Don Foote, who’s father now owns Big Foote’s Sporting Goods in Waverly, during a Cornell game about a decade ago.

Don Foote, who’s father now owns Big Foote’s Sporting Goods in Waverly, during a Cornell game about a decade ago. 

 

I can only imagine a visitor from out of the area—a basketball fan—walking past the front widow of Big Foote’s Sporting Goods in Waverly and stopping to take a look at the collection of basketball memorabilia being displayed this month. 

I can then imagine that person entering the store, being greeted by Big Foote himself (also known as Don Foote), seeing that the store’s proprietor stands 6 feet, 10 inches, and realizing that the memorabilia collection on display just might have an interesting backstory.  

I would hope, for the visitor’s sake, that Don Foote had a few minutes to spare, because it is one great backstory. 

The display at Big Foote’s honors the 10th anniversary of Cornell’s incredible run to the NCAA Sweet 16 and is based on (Don’s son) Jeff Foote’s unlikely basketball journey from a hardworking kid playing in an often-overlooked high school conference to a dominant Division 1 center that went on to play several years as a professional.  

I have shared how Jeff Foote and Madonna ended up in the same story a number of times, but it has been a few years, so I will share it again…The story encapsulates my two shining moments as a prognosticator, and my willingness to acknowledge the depths of my cluelessness. In 1984, I was at a party and “Borderline” came on the radio. I asked, “Who sings this?” Someone replied, “Madonna,” and I said, “In two years, nobody will remember Madonna.” 

In 2007, I was told that Jeff Foote would be suiting up for the Big Red of Cornell, and I said, “He will be a decent bench player, but based on what I saw when he played at Spencer-Van Etten, he’s not a D-1 starter.” 

I am pleased to say that I was way off on both predictions, and every time I saw Foote throw down a slam or swat an opponents’ shot into the third row of the stands, I reveled in my own moronic miscalculation. Foote—in leading the Big Red to three straight Ivy League titles and that legendary trip to the Sweet 16—was a First Team All-Ivy selection and a two-time Ivy League Defensive Player of the Year. Over the course of his three seasons at Cornell, the 7-footer put on 55 pounds of muscle, added five and a half inches to his vertical jump, and when the Big Red very nearly beat powerhouse Kansas, the Jayhawks’ coach, Bill Self, was quoted as saying, “Cornell has a big man that can play with anyone in the country.”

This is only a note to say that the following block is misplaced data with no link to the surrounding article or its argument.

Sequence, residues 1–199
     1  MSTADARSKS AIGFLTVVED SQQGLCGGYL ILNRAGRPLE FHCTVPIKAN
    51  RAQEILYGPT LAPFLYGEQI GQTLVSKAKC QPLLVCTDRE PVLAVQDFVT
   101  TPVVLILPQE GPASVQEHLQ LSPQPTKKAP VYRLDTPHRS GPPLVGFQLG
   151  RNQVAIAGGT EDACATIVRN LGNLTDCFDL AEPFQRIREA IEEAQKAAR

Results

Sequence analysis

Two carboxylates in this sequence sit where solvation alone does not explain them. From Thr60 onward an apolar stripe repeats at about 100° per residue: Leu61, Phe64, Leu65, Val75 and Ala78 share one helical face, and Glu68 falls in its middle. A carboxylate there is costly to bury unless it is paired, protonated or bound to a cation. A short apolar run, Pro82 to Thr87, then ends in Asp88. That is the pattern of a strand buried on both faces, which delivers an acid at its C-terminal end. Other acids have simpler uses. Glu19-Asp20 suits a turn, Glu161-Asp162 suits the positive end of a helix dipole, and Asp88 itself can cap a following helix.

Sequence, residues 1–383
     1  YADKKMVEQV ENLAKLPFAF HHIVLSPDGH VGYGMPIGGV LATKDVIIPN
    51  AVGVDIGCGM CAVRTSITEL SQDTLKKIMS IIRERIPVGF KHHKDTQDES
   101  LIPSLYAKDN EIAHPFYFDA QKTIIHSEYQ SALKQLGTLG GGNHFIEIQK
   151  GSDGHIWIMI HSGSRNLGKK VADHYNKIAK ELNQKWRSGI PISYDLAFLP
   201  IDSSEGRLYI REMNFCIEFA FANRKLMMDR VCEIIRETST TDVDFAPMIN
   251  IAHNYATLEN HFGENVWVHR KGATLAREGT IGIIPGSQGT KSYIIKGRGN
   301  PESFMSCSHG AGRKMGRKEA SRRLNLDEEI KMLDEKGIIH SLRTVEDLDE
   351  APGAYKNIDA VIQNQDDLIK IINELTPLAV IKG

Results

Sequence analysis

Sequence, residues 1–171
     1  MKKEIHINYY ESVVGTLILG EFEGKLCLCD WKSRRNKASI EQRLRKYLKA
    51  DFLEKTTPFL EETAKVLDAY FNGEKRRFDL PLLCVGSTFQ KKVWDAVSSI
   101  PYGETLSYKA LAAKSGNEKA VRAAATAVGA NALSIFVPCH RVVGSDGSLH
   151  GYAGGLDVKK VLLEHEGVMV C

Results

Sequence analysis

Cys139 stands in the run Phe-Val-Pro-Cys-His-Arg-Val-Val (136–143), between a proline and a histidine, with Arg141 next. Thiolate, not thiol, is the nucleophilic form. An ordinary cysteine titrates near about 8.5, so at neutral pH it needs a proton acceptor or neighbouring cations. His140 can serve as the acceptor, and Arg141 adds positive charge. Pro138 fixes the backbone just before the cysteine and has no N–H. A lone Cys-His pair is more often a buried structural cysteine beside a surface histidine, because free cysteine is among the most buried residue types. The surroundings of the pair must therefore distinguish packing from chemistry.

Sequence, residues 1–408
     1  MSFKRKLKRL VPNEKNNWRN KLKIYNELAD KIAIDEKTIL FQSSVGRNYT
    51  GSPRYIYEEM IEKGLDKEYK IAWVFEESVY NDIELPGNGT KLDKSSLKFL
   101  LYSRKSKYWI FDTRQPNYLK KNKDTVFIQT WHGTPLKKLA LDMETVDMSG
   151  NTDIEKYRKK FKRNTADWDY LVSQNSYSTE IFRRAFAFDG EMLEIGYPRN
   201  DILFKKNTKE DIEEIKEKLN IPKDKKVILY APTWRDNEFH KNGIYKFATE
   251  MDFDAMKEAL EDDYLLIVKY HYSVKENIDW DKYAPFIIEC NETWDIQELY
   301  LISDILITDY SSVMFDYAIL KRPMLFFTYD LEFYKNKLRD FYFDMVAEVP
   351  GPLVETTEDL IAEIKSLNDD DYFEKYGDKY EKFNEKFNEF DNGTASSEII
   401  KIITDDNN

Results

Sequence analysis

A few weeks later, the Big Red were the talk of the Big Dance when they took down Temple in the first round, then shocked the basketball world by putting a whupping on Wisconsin (the Badgers were picked by many to go to the Final Four).  

After Cornell, Jeff played several seasons of pro basketball in Europe, and he signed a 10-day contract to play for New Orleans in the NBA. While showing me his son’s NOLA Hornets jersey, Don said with a wry grin, “He helped hold Kobe to 33 points!” 

After wrapping up his pro career, Jeff served as an assistant coach at the University of Miami, where he was enrolled in law school.  He passed the Florida Bar, decided to relocate to New York City, passed the New York Bar and now practices real estate law in the Big Apple. 

As I looked at the display case at Big Foote’s, the memories swept over me.  There was that photo of Jeff dunking the ball in front of 30,000 crazed fans at Duke.  There were his three Ivy championship rings, his Hall of Fame plaques, his jerseys from his various pro teams, his MVP trophy from the Madison Square Garden Holiday Tournament, and many other items.  In reflecting back on that magical run, Don Foote told me, “It was a perfect storm… Cornell needed him, and he needed them.”  He shook his head and said, “It’s hard to believe it has been 10 years.”  

Jeff and his Cornell teammates were back in Ithaca over the weekend, as the team was honored on the 10th anniversary of that memorable run. It was great to reconnect with them, to see them as 30-something adults, as doctors, lawyers and fathers, and to see them hug their coach, Steve Donahue, who is now the head coach at Penn.  

Don Foote reminded me that point guard Louis Dale said, in 2010, “We’ve got eight seniors on this team, and we want to take this ride as long as we can because after this it’s just nothing but babies and memories.”  

For Don and Wanda Foote, it’s one out of two. Lots of memories, but no babies…Tune in for an update in 10 years.

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